You are here

Yanis Varoufakis
By Yanis Varoufakis - Nov 28,2022
ATHENS  —  Elon Musk had good reasons to feel unfulfilled enough to buy Twitter for $44 billion. He had pioneered online payments, upended the car industry, revolutionised space travel and even experimented with ambitious brain-computer interfaces.
By Yanis Varoufakis - Sep 24,2022
ATHENS  —  Capitalism conquered the world by commodifying almost everything that had a value but not a price, thus driving a sharp wedge between values and prices. It did the same to money.
By Yanis Varoufakis - Sep 04,2022
ATHENS  —  The blades of the wind turbines on the mountain range opposite my window are turning especially energetically today.
By Yanis Varoufakis - Jul 31,2022
ATHENS  —  It is never easy to wake up to the news that your country’s business model is busted.
By Yanis Varoufakis - Jun 23,2022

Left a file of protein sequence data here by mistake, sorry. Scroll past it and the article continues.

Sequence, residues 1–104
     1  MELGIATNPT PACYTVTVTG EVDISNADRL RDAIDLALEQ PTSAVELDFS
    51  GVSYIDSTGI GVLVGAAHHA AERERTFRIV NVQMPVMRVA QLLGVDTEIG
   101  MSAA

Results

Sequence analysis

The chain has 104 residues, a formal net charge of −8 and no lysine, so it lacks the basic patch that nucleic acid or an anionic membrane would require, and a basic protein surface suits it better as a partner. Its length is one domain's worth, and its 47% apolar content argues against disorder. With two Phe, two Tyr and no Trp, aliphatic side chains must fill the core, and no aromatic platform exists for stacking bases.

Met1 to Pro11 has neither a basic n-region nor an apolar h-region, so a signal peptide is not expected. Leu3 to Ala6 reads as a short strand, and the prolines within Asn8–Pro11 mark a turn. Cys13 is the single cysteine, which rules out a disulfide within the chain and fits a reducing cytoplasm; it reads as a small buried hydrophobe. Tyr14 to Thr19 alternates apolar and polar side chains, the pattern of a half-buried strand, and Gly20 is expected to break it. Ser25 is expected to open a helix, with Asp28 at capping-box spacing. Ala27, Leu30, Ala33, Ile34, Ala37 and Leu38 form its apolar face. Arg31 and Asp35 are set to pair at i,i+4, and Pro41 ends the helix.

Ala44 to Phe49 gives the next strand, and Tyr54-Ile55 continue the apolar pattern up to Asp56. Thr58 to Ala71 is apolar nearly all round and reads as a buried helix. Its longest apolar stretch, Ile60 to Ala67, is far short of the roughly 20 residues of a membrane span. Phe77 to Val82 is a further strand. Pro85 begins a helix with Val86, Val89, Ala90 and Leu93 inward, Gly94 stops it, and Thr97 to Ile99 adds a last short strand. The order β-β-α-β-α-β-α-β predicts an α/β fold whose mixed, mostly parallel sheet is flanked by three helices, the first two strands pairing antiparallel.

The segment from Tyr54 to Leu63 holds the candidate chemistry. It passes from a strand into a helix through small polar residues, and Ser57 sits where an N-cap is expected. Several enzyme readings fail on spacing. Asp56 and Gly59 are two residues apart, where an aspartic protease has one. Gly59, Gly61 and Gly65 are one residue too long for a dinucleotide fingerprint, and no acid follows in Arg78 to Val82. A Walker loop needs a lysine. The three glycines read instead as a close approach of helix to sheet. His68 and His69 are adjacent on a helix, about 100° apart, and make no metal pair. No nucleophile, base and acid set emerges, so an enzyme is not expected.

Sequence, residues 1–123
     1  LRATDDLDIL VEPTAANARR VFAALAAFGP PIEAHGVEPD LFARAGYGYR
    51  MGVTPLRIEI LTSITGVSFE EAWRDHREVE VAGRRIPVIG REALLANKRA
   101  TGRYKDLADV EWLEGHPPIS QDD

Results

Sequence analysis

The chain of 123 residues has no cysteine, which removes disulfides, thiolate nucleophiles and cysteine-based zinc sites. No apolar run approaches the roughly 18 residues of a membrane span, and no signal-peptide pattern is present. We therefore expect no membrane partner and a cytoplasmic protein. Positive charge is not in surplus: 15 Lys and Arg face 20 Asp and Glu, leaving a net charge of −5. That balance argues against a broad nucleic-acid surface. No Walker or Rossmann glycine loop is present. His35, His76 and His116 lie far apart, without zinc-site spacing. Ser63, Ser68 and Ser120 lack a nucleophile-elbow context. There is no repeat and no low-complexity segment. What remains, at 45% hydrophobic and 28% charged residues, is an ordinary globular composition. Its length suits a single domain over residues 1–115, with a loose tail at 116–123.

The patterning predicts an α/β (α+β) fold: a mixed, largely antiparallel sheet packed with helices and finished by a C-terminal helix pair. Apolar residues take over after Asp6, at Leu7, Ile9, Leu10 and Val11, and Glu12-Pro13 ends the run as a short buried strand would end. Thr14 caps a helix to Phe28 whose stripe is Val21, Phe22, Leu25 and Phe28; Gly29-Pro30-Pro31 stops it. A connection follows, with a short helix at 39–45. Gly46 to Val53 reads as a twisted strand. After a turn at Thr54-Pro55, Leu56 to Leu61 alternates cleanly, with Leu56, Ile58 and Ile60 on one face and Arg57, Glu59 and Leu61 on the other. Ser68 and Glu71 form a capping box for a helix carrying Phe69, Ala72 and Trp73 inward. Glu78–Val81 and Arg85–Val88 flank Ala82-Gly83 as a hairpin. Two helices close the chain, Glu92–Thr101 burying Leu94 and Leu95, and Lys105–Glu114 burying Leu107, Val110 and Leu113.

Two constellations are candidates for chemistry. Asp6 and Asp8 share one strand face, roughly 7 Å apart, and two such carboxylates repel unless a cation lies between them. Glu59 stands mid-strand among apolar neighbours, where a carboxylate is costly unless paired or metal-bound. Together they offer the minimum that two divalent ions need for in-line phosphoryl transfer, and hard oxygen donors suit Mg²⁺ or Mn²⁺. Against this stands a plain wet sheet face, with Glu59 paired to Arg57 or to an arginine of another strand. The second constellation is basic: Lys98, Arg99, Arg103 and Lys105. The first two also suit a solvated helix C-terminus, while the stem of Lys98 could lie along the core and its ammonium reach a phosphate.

ATHENS  —  The blame game over surging prices is on. Was it too much central-bank money being pumped out for too long that caused inflation to take off?
By Yanis Varoufakis - May 23,2022
ATHENS  —  In 1943, progressives had a moral duty to dismiss calls for a negotiated settlement with Hitler. Cutting a deal with the Nazis to end the carnage would have been unforgivable.
By Yanis Varoufakis - Apr 25,2022
ATHENS  —  French President Emmanuel Macron’s reelection by a comfortable margin against an opponent with whom he shares a mutual dislike almost obscured a certain co-dependence between their political camps.
By Yanis Varoufakis - Mar 21,2022
ATHENS  —  Once upon a time, capital goods were just the manufactured means of production. Robinson Crusoe’s salvaged fishing gear, a farmer’s plough and a smith’s furnace were goods that helped produce a larger catch, more food, and shiny steel tools.
By Yanis Varoufakis - Jan 24,2022
ATHENS  —  Twenty years ago this month, Europe’s common currency became a tangible reality with the introduction of euro banknotes and coins.
By Yanis Varoufakis - Jan 10,2022
ATHENS — Once upon a time, in the ancient kingdom of Lydia, a shepherd called Gyges found a magic ring, which, when rotated on his finger, made him invisible. So, Gyges walked unseen into the royal palace, seduced the queen, murdered the king, and installed himself as ruler.



Get top stories and blog posts emailed to you each day.